Tuesday, October 23, 2012

Justice Minister’s Demise Highlights Prime Minister Noda’s Political Incompetence

Prime Minister Eisaku Sato was poorly regarded in his time by the progressive mainstream media and most of the intellectual class. But few doubted his ability to manage and manipulate the massive egos of the faction leaders and their more or less loyal capos and lesser underlings, a trait that earned him the sobriquet of “Sato of Personnel Management.” (It seems to have worked fine if results were all we had to go by; Sato is the second-longest serving prime minister in Japanese history, he won the Nobel Peace Prize, and he even went on to carve out a personal niche in Amnesty International.) By the same measure, Noda has messed up completely. Let me explain.

The October 22 evening edition of Nikkei has a chart listing the ministers that resigned or were dismissed during the three years of the DPJ regime. It tells us that Hatoyama lost two, Kan lost four, while Tanaka is Noda’s second loss. So one head better than par for the course? Not quite.

Hatoyama’s two losses were Finance Minister Hirohisa Fujii, who resigned because of genuine health issues but stayed on to play an advisory role to the administration, and Mizuho Fukushima, the Minister of State for Consumer Affairs and Food Safety, Social Affairs, and Gender Equality, who resigned over a critical policy dispute between the DPJ and her Social Democratic Party. Hatoyama is certainly responsible for Fukushima’s departure, but culpable? I think not. Noda’s two losses by contrast were precipitated by political and legal misdemeanors by obviously under-qualified if personable politicos being rewarded for their political attributes.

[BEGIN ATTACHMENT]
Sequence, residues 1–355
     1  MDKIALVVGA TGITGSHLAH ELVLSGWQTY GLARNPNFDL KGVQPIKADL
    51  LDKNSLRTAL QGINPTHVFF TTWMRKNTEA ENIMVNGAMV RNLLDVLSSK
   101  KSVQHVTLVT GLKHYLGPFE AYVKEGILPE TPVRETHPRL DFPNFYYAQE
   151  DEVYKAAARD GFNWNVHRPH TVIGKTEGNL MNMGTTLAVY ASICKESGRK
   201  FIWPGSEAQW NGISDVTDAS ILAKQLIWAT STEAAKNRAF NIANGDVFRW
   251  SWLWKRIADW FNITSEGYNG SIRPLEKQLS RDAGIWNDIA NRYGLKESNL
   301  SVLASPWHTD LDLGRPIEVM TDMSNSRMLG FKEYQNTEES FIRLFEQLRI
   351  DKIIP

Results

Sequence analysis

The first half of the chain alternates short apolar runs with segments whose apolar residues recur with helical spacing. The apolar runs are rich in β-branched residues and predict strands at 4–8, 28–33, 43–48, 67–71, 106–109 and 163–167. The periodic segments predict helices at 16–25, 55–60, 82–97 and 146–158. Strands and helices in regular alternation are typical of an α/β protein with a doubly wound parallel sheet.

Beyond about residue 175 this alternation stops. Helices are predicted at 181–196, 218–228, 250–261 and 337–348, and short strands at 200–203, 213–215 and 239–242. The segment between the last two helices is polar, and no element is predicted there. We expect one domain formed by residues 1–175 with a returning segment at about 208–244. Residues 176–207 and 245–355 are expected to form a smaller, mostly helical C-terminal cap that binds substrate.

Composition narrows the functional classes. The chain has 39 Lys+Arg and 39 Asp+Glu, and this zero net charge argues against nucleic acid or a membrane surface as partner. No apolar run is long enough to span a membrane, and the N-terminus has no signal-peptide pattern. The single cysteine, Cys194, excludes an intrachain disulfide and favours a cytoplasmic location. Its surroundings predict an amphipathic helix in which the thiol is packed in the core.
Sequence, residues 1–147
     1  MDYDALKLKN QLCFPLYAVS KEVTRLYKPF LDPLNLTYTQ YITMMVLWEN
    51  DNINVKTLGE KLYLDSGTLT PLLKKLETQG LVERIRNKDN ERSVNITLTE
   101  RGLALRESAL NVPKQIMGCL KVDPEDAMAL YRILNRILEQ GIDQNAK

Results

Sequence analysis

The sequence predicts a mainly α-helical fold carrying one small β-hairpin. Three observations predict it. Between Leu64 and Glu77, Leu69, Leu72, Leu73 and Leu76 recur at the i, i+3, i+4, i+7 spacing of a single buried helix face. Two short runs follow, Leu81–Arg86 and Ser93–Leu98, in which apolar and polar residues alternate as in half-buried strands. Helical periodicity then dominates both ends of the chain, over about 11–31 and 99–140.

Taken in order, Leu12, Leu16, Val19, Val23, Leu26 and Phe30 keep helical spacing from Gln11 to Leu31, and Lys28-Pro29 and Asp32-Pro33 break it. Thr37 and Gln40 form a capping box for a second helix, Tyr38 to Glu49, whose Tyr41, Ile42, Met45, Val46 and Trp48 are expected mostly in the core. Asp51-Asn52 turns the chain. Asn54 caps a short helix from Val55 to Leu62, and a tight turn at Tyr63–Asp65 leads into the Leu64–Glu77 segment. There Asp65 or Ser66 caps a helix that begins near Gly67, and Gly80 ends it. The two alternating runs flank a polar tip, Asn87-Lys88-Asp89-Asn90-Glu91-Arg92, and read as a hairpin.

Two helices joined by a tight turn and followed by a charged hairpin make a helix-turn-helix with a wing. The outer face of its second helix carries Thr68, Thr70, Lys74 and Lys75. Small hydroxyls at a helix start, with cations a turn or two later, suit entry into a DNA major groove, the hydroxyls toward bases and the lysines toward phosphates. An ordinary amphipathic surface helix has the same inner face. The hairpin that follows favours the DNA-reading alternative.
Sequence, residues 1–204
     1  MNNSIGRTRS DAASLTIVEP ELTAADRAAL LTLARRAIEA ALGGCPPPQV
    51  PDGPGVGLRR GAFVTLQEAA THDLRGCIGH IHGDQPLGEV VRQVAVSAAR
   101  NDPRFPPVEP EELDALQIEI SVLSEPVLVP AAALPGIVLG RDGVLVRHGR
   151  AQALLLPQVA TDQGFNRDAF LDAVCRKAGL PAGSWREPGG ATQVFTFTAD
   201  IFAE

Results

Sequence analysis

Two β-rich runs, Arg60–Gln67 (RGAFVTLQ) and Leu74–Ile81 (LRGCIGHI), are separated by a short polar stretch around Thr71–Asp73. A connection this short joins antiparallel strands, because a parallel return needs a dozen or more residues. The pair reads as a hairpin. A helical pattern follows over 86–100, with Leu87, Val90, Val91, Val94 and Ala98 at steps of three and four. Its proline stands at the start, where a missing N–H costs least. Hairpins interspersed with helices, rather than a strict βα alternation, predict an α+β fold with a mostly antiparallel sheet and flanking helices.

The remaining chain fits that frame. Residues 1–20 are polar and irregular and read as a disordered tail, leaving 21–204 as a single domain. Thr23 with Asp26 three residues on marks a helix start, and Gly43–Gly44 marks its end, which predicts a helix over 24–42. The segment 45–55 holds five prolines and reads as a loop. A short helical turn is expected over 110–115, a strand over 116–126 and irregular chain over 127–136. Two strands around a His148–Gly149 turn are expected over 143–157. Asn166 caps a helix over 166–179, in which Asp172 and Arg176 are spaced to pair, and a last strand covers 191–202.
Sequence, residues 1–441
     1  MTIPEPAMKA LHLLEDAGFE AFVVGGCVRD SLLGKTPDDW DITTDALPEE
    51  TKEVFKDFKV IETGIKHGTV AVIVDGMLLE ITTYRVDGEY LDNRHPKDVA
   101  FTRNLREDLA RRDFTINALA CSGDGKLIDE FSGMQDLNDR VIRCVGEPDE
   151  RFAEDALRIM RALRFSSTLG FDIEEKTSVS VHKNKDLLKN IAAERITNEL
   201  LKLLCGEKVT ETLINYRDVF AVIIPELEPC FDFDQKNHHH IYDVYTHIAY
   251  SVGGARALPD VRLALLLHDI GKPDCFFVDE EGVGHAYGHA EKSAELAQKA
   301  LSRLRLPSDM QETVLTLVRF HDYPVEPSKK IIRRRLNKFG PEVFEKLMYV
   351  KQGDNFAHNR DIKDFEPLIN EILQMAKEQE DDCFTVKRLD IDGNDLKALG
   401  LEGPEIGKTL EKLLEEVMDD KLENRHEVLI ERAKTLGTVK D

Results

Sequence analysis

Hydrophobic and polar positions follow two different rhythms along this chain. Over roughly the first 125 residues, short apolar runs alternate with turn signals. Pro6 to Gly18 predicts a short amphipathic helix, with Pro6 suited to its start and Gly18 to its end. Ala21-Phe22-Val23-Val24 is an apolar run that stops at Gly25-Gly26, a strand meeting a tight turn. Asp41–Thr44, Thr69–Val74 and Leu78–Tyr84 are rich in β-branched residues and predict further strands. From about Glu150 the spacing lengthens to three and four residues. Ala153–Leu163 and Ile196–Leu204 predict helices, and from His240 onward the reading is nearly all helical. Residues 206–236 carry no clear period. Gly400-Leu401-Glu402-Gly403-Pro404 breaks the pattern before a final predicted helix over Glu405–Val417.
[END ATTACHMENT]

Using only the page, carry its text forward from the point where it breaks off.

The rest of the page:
But that’s not all. Prime Minister Noda in what must be a national record has conducted three cabinet reshuffles in little more than a year in office. This is not exactly mitigated by the fact that two of those reshuffles were actually pretexts to get rid of a couple of appointees in each case who had exposed their lack of political toilet training and had to go.

Six incompetents kicked out, or three cabinet reshuffles in little more than a year. Pick his poison; whichever explanation you choose, he makes Hatoyama look good and Kan look at worst average as far as personnel management goes. And that’s probably not an easy feat to accomplish.


Anonymous said...

When, oh when, is someone going to realize that the Parliamentary Vice Ministerial system is the appropriate platform through which to judge the worthiness of ministerial hopefuls? SOME kind of filtering mechanism is needed to make sure these people just don't get appointed in the first place.

Jun Okumura said...


Your point should be levied with some care on the DPJ regime, which has yet to be place for more the three years. That said, DPJ members who proved themselves in subcabinet postings appear to have acquitted themselves well, relatively speaking, when they were elevated to cabinet minister assignments.